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I am getting segmentation fault in this code but i cant figure out why. I know a segmentation fault happens when a pointer is NULL, or when it points to a random memory address.

 q = p;
        while(q -> link != NULL){
            q = q -> link;
        }
        t = new data;
        t -> city = cityName;
        t -> latitude = lat;
        t -> longitude = lon;
        q -> link = t;

This is the error am actually getting in console:

line 33: 2219 Segmentation fault    sh "${SHFILE}"
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3  
@Carlos: why remove all that code ? As I understand it from the answer you accepted, some of it was relevant. – Raphaël Saint-Pierre Mar 16 '10 at 17:55
up vote 6 down vote accepted

In the else clause in Database::add, you do not set t->link = NULL, so it is uninitialized.

You should add a constructor for data that initializes its members, or use the value-initializing new to ensure that everything is initialized correctly:

t = new data(); // note the parentheses
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It's possible that it's because when you're adding a new node to the end of the list:

else{
    q = p;
    while(q -> link != NULL){
        q = q -> link;
    }
    t = new data;
    t -> city = cityName;
    t -> latitude = lat;
    t -> longitude = lon;
    q -> link = t;
}

you're not setting t->link = NULL;.

share|improve this answer

You are not setting Database::data::link to NULL in Database::add:

    t = new data;
    t -> city = cityName;
    t -> latitude = lat;
    t -> longitude = lon;
    t -> link = NULL;

EDIT: I would add a constructor for Database::data to initialize the various members. Something like:

class Database {
    struct data {
        data(): latitude(0.0), longitude(0.0), link(NULL) {}
        ...
    };
    ...
 };

Then you do not have uninitialized memory to worry about.

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Compile with -g as an argument to g++

Then from command line "gdb (binary name)"

inside gdb, "run" and it will execute until the fault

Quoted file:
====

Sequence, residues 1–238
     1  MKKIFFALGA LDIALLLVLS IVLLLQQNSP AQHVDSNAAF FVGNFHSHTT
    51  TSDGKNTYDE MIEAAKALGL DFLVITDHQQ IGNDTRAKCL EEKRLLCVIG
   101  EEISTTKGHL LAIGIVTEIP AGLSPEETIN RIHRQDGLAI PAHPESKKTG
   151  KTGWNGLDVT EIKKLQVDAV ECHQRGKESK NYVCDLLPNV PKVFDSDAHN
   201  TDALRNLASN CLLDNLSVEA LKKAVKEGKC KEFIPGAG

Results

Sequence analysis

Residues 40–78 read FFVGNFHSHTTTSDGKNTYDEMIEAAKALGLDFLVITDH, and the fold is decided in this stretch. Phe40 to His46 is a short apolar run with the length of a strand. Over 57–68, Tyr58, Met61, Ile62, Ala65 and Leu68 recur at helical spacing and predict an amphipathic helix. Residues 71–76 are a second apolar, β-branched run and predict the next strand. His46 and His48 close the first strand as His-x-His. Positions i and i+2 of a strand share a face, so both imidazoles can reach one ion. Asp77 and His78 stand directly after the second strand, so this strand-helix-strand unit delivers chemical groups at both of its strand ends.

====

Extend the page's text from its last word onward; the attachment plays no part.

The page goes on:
type "bt" to see a stack trace

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1  
sorry for not spoonfeeding you what you needed. i'll remember not to answer your questions in the future – Mike Mar 16 '10 at 17:26
2  
What tells you he's the one who downvoted you? (No, it wasn't me. ;)) – MetalMikester Mar 16 '10 at 17:27
5  
I downvoted because A. The user appears to be a beginner and probably is not aware of a "stack trace". B. The user is not running from a commandline and probably has no experience with gdb. C. Nothing says the user has GDB installed. D. You spent no time looking at the code and answering the question, you simply put in a response that is canned, etc. – Billy ONeal Mar 16 '10 at 17:30
1  
Maybe that's what you think, but I'm looking at the question and it says, "What's wrong with this code". Your answer does not answer that question, and you assume the user knows too much given what he's posted. For example, the user is using netbeans. You don't even know he knows what g++ is much less gdb. Therefore I downvoted. – Billy ONeal Mar 16 '10 at 17:45
2  
+1: Debuggers are especially useful when dealing with memory-related issues -> good answer. – gorsky Mar 16 '10 at 18:22

There may be other issues but here's one:

else{
    q = p;
    while(q -> link != NULL){
        q = q -> link;
    }
    t = new data;
    t -> city = cityName;
    t -> latitude = lat;
    t -> longitude = lon;
    q -> link = t;
}

You never set t->link to null and therefore it's filled with junk.

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You need to assign t's link to NULL:

else{
    q = p;
    while(q -> link != NULL){
        q = q -> link;
    }
    t = new data;
    t -> city = cityName;
    t -> latitude = lat;
    t -> longitude = lon;
    t -> link = NULL; // add this
    q -> link = t;
}
share|improve this answer
1  
Heh, we all answered at the same time. – Jeremy Bell Mar 16 '10 at 17:37

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